Minors | #2005#Column

West Tenn Faces Uphill Battle For Fans

Will Lingo -Premium Content

The West Tenn Diamond Jaxx were averaging a little more than 1,500 fans a game this season, almost half of the average of the teams just ahead of them in the league attendance standings and light years away from Jacksonville, which leads the league with about 6,000 fans a game. It's the continuation of a sad decline in Jackson, Tenn., which has lost almost all of the enthusiasm it had when the team debuted in 1998. The franchise has faced a series of setbacks since then, from a contentious relationship between former owner David Hersh and the city to a flirtation with moving last offseason.

Minors | #2005#Column

Tribe Shuts Down Top Prospect

Chris Kline -

Indians righthander Adam Miller will miss at least the first two months of the season after being shut down with a strained elbow. Miller, the Tribe's No. 1 prospect, felt discomfort after throwing a bullpen four days after arriving at the club's spring training complex in Winter Haven, Fla.

Minors | #2005#Prospect Bulletin

Minor Teams Always Make Do

Will Lingo -Premium Content

When it rains at a minor league ballpark, the entire staff usually gets out on the field to pull the tarp. If there's a bunch of pizza left over at the end of the night, many teams will send employees into the stands to sell it off at a bargain price. When one team is displaced from its park after a catastrophic event like a hurricane, other teams are happy to help out. Minor league adaptability is not a new phenomenon, of course.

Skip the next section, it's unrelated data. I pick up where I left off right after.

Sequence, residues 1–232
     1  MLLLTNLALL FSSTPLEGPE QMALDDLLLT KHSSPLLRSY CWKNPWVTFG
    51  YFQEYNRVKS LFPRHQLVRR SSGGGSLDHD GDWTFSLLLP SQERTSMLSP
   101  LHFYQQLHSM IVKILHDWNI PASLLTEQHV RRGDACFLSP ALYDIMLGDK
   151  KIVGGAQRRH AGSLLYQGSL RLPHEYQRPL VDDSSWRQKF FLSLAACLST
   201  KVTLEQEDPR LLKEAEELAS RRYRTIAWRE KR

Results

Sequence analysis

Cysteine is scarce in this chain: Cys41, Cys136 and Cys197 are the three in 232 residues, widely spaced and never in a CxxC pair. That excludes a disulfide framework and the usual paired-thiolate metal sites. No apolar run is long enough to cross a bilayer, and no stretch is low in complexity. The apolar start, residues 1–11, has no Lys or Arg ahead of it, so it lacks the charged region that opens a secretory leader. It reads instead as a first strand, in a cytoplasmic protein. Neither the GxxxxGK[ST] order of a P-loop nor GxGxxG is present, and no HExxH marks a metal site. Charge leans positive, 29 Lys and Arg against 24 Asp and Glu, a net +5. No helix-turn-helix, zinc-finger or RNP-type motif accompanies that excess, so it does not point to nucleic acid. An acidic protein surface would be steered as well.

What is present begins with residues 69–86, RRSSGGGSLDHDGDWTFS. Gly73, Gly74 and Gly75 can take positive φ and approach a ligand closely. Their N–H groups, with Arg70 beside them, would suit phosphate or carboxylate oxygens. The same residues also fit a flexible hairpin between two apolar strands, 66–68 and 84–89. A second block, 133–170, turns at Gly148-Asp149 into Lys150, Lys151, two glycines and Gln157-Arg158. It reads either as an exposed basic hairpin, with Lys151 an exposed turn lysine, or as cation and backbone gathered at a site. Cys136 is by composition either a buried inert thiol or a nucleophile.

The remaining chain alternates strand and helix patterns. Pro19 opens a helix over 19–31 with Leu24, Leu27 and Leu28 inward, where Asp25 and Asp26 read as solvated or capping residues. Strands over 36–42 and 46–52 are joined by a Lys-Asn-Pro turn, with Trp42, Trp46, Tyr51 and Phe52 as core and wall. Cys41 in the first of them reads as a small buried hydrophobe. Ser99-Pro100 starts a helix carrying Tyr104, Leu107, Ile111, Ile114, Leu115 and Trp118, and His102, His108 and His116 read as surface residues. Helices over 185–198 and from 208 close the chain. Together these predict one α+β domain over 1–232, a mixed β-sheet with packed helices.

Minors | #2005#Column

Second Surgery For L.A.’s Miller

John Manuel -

In 2003, the top lefthanders in the minor leagues were Cole Hamels, Scott Kazmir and a late-bloomer in the Dodgers system, 18-year-old Greg Miller. While Hamels and Kazmir had lengthy amateur resumes, Miller was a relative unknown who was throwing in the mid-80s late in his high school career. A tweak here, some better conditioning there, and Miller started pumping mid-90s lightning while throwing three other pitches for strikes.

Minors | #2005#Prospect Bulletin

New Teams Keep Texas League Crowds Rolling In

Will Lingo -Premium Content

After last season, Texas League president Tom Kayser knew his league would have to move forward without its flagship franchise. The Round Rock Express, arguably the best Double-A franchise ever, would move up to the Pacific Coast League in 2005. The league might never find one franchise that's the equal of the Express, but its combination of two new franchises might mean the league is even better. The Corpus Christi Hooks have replaced the Express, and the former El Paso Diablos have moved to Springfield, Mo., and become the Cardinals. And while it's still early, both franchises were averaging better than 7,000 fans a night in April. Round Rock (9,846 a night) and El Paso (3,422) averaged a little over 13,000 fans combined last year.

Minors | #2005#Column